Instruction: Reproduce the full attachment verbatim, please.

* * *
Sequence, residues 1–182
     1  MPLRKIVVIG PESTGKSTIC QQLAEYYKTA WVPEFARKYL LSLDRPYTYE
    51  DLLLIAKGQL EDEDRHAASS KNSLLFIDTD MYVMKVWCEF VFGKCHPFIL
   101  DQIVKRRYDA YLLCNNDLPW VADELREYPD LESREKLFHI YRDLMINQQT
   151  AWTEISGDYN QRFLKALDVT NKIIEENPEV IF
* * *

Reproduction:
Sequence, residues 1–182
     1  MPLRKIVVIG PESTGKSTIC QQLAEYYKTA WVPEFARKYL LSLDRPYTYE
    51  DLLLIAKGQL EDEDRHAASS KNSLLFIDTD MYVMKVWCEF VFGKCHPFIL
   101  DQIVKRRYDA YLLCNNDLPW VADELREYPD LESREKLFHI YRDLMINQQT
   151  AWTEISGDYN QRFLKALDVT NKIIEENPEV IF